“If you don’t teach the algorithm with a diverse set of images, then that algorithm won’t work out in the public that is diverse,” writes Adamson in a study he co-wrote with Smith (according to a story in The Atlantic). “So there’s risk, then, for people with skin of color to fall through the cracks.”

Tragically, Smith’s wife was diagnosed with melanoma too late and paid the ultimate price for it. And she was not an anomaly—though the disease is more common for White patients, Black cancer patients are far more likely to be diagnosed at later stages, causing a notable disparity in survival rates between non-Hispanics whites (90%) and non-Hispanic blacks (66%).

As a computer scientist, Smith suspected this racial bias and reached out to Adamson, hoping a Black dermatologist would have more diverse data sets. Though Adamson didn’t have what Smith was initially looking for, this realization ignited a personal mission to investigate and reduce disparities.

Now, Adamson uses the knowledge gained through his years of research to help advance the fight for health equity. To him, that means not only gaining a wider array of data sets, but also having more conversations with patients to understand how socioeconomic status impacts the level and efficiency of care.

“At the end of the day, what matters most is how we help patients at the patient level,” Adamson told Upworthy. “And how can you do that without knowing exactly what barriers they face?”

american cancer society, skin cacner treatment"What matters most is how we help patients at the patient level."https://www.kellydavidsonstudio.com/

The American Cancer Society believes everyone deserves a fair and just opportunity to prevent, find, treat, and survive cancer—regardless of how much money they make, the color of their skin, their sexual orientation, gender identity, their disability status, or where they live. Inclusive tools and resources on the Health Equity section of their website can be found here. For more information about skin cancer, visit cancer.org/skincancer.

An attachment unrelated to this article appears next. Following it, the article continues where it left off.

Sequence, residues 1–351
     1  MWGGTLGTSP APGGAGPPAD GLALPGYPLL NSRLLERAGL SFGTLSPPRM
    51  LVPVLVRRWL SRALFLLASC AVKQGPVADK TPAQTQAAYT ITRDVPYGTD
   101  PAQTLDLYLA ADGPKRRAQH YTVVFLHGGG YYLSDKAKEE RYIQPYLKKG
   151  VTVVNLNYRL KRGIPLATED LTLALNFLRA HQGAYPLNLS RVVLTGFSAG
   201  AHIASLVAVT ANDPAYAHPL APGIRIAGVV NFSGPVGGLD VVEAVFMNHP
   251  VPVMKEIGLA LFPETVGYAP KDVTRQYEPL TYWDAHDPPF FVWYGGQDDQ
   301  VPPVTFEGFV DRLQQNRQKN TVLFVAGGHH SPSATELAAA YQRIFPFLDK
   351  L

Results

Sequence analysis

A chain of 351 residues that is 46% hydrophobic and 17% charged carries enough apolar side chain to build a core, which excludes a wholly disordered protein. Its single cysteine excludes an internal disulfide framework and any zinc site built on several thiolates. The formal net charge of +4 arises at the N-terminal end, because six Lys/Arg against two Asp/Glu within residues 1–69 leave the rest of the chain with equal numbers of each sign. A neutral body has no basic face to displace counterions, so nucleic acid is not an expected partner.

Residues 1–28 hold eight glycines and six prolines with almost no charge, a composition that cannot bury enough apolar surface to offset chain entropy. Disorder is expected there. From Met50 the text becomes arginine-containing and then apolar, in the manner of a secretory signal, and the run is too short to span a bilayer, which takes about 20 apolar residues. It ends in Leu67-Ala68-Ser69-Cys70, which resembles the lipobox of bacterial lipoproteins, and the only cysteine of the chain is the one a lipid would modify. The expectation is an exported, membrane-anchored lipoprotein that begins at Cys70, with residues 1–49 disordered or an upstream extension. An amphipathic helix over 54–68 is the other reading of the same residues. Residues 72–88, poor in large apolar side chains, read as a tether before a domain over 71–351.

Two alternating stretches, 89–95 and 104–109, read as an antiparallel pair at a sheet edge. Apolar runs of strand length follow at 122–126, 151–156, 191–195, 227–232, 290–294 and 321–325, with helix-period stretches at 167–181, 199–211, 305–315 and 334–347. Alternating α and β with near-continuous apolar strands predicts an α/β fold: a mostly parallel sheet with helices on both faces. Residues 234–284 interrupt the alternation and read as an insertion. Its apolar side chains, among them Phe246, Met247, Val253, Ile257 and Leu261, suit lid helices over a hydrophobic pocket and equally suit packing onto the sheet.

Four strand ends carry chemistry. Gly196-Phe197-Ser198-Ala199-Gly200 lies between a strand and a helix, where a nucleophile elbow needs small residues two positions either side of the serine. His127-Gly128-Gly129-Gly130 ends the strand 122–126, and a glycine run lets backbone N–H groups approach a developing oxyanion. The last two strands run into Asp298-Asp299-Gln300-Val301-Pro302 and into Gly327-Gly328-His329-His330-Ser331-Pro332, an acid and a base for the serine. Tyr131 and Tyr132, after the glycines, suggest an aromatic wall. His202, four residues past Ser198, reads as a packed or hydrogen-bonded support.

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Pop Culture

'90s kids share movies that will 'take you back to a better time'

It was a magical time when animals played sports and yet somehow things were just simpler.

YouTube/Upworthy photo illustration

Honey, I shrunk the kid named Matilda while jamming in space!

Everyone knows that '90s movies just hit different. From sports movies to rom-coms to even horror, there was an undeniable innocence, without being overly simplistic or juvenile. They didn’t have nearly the amount of money going into production as they do today, but somehow managed to transport us to magical places.

Movies of the '90s are so iconic that there have been several attempts to reboot beloved titles. Which, let’s face it, tends to be a fool's errand at a cash grab. These movies are so timeless that simply viewing the original is more than fine.

Not sure which movie to start with? You’re in luck—a Reddit user by the name of YouBrokeMyTV asked ’90s kids to share movies that took them “back to a better time,” and because the internet can be a wonderful place, tons of people responded with some beloved classics.

These answers certainly don’t make a definitive list (there are just so, so many gems) but they're a fun glimpse into what made '90s cinema so special. A nostalgic romp through memory lane, if you will.

Enjoy these 14 titles that just might leave you jonesing for a rewatch:

1. "Honey, I Shrunk the Kids"

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A perfect example of how '90s movies were silly, but smart at the same time. And oh so wholesome.

2. "The Sandlot"

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It taught us nothing about baseball, but everything about friendship, rooting for the underdog and (most important) how to make s’mores.

3. "Drop Dead Fred"